Posts tagged ‘IPsec’

Together with most of the internet, we tested IPv6 on World IPv6 day last week. I won’t go into details on what IPv6 is and why it’s important. Although IPv6 has been tested intensely in isolated networks, this is the first time it was tested on such a large scale. Technically, the participants would just add AAAA-records for their websites to DNS. This small change causes a huge effect. Since most browsers are configured to prefer IPv6 AAAA-records over IPv4 A-records, this causes all IPv6-connected users to suddenly connect over IPv6 instead of IPv4.

For the most part, this major changeover happened without as much of a hitch. In fact, if I hadn’t known it was World IPv6 day, I wouldn’t have noticed anything. But I’m not a normal web-user, so I did notice some issues.

Continue reading ‘World IPv6 day – lessons learned’ »

To get secure access to internal networks, one usually employs one of the many variants of a VPN. When connecting from a normal computer, you can install basically whatever variant you wish. When using devices such as smartphones however, the number of supported VPN technologies is usually limited. Especially on non-open platforms such as the iDevices by Apple, you can not add VPN software yourself, contrary to the Android platform.

In this post, I’ll explain how to set up an IPsec (without L2TP) tunnel endpoint on an Ubuntu server, capable of handling an iPhone/iPad/iPod/iWhatever. The users will be authenticated against an LDAP directory.

Continue reading ‘iPhone compatible IPsec VPN on an Ubuntu server, with LDAP authentication’ »

It is perfectly possible to configure a linux server (or workstation if you wish) to talk IPsec. The Linux Advanced Routing & Traffic Control site has a page describing it. Since IPsec is a standard protocol, I wanted to get a tunnel up and running between a linux host and a Cisco router: with success! Here are the config files that I used in this test:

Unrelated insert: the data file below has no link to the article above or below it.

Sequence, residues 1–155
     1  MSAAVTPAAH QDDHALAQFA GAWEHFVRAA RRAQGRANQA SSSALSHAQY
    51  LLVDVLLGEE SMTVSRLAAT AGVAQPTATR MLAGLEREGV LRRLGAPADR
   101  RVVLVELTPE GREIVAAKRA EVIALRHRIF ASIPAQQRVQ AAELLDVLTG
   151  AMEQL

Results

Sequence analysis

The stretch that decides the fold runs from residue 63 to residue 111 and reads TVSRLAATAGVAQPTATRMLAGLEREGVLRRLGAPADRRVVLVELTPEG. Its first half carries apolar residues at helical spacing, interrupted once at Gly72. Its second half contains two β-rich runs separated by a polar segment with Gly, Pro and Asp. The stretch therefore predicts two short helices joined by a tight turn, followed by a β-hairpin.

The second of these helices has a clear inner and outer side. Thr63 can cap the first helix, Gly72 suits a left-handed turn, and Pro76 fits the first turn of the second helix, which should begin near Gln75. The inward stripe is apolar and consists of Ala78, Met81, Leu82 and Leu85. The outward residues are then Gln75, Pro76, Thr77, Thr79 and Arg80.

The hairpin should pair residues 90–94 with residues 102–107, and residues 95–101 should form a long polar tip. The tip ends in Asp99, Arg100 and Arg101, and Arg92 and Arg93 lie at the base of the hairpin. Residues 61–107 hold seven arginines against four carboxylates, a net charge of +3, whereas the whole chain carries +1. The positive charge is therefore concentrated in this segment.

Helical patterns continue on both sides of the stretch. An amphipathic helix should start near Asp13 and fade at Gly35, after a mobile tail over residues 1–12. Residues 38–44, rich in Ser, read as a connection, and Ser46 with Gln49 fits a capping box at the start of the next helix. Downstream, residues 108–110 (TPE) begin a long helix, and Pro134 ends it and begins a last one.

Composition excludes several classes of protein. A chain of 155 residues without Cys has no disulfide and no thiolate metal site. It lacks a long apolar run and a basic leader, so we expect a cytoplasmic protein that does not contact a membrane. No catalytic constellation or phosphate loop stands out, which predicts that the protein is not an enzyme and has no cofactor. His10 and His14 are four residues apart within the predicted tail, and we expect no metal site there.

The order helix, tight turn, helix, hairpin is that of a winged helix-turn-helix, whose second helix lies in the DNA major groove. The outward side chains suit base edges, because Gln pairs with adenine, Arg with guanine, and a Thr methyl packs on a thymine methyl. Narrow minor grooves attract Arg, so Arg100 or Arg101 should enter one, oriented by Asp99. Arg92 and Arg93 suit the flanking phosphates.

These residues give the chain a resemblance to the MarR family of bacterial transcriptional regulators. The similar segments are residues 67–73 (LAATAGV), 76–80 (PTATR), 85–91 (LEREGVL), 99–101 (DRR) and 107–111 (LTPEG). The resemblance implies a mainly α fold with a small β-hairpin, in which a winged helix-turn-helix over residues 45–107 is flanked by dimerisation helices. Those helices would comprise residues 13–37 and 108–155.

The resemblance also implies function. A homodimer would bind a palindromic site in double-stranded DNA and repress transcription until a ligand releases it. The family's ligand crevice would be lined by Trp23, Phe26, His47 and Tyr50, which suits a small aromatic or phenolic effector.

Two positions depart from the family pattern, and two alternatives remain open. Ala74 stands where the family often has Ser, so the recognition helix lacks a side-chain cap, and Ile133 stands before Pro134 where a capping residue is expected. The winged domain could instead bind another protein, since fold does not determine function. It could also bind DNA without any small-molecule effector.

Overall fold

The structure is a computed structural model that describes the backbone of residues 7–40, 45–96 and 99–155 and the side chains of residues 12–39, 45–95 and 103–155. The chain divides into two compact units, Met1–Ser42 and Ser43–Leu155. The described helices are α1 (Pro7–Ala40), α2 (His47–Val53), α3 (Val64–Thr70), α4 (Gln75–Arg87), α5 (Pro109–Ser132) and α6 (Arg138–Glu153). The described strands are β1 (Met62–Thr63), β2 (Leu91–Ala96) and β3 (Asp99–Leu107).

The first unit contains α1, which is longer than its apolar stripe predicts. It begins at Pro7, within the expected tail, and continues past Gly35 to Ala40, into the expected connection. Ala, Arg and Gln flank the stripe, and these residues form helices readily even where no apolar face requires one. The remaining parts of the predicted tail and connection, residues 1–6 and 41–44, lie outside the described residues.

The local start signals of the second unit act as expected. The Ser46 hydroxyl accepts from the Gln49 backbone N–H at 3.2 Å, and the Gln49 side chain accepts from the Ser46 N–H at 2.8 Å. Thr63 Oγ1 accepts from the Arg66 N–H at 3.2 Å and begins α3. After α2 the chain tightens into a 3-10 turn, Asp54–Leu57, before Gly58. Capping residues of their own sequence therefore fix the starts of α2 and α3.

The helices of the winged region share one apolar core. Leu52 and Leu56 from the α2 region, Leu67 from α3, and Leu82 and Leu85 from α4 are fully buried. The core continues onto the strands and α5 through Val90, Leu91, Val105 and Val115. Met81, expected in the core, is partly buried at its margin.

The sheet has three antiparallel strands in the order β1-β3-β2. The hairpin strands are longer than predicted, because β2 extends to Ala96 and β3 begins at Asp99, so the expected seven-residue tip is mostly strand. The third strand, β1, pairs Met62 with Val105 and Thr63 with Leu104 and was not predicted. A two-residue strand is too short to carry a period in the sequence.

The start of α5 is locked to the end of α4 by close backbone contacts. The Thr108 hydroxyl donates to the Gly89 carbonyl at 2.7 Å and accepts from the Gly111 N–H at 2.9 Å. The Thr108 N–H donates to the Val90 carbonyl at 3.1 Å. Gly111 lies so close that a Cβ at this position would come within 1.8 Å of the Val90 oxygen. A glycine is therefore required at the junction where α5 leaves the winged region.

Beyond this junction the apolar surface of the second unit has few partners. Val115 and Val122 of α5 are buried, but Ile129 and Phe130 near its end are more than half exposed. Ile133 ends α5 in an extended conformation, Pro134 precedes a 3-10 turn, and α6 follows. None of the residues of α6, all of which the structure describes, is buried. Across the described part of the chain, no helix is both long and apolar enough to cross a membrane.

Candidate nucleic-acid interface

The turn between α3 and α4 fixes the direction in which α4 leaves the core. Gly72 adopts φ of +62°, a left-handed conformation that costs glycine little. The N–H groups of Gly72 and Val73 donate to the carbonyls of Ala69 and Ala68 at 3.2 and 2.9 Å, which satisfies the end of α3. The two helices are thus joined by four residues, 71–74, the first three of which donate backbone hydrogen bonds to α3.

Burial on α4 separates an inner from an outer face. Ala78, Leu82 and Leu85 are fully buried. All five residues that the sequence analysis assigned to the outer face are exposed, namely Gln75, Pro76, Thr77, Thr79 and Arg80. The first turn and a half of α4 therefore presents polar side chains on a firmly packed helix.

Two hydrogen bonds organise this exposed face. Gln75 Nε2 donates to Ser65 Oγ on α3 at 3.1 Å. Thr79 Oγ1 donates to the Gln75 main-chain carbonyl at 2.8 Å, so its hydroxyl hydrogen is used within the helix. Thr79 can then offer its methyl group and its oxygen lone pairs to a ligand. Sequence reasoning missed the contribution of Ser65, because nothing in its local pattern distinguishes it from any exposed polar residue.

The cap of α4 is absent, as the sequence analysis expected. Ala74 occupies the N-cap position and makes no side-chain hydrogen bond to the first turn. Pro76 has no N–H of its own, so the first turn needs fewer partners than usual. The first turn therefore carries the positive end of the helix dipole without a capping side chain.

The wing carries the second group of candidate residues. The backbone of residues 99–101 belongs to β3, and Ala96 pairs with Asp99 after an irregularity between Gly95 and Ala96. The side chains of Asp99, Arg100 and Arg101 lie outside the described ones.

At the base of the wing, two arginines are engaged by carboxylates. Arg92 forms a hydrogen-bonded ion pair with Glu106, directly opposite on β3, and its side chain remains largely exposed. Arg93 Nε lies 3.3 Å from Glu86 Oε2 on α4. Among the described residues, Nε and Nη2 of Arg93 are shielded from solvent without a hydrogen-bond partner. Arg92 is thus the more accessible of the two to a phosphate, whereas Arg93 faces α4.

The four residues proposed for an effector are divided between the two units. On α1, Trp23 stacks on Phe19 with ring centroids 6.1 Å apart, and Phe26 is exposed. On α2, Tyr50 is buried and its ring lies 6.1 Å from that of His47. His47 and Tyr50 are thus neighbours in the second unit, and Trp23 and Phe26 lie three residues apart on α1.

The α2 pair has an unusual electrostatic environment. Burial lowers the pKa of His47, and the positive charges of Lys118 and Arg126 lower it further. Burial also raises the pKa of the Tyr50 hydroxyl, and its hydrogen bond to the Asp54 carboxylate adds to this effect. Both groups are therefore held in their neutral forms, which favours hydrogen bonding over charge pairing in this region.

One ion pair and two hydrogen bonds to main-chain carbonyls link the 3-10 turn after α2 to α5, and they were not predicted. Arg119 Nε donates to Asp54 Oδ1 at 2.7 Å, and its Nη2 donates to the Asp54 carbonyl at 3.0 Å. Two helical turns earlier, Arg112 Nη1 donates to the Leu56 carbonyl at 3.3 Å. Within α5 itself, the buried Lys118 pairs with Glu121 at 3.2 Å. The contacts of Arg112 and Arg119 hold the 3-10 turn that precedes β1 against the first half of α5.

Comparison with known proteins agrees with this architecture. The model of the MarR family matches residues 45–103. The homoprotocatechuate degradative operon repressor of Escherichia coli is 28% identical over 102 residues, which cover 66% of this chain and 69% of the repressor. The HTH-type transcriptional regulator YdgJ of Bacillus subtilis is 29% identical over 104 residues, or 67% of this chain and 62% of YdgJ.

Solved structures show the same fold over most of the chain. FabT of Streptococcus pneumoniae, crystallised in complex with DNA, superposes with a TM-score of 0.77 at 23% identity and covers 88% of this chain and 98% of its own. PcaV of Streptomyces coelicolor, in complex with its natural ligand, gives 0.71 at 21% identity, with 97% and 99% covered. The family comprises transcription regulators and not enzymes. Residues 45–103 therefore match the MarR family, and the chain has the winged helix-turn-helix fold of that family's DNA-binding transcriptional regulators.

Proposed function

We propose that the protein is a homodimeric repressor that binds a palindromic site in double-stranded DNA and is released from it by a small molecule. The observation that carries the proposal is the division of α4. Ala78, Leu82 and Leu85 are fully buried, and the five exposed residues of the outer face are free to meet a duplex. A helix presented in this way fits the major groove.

Continue reading ‘IPsec under Linux’ »

IPsec is becomming the Internet standard for securing IP packets. Instead of manually configuring all the encryption parameters, the keys are usually negatiated between the peers using an ISAKMP (Internet Security Association and Key Management Protocol)/Oakley protocol: IKE (Internet Key Exchange). This post goes into its details.

Continue reading ‘IPsec/ISAKMP negotiation opened up’ »

Recently I had to configure a router serving as an IPsec-GRE endpoint. So far, nothing special. The interesting part is that the terminating router is behind a NAT-device which changes the outer IP-header of the IPsec tunnel. Of course, the GRE-header is NOT affected by the NAT (since it is encrypted).

To summarize, the device needs to:

  • terminate an IPsec tunnel between <-> (its own IP); but authenticate as
  • terminate a GRE tunnel between <-> (a public IP that is NATed towards it)

The diagram is shown below:

172.16.x.x addresses are “public”; 10.x.x.x are private.

Continue reading ‘Terminating an IPsec-GRE tunnel behind NAT’ »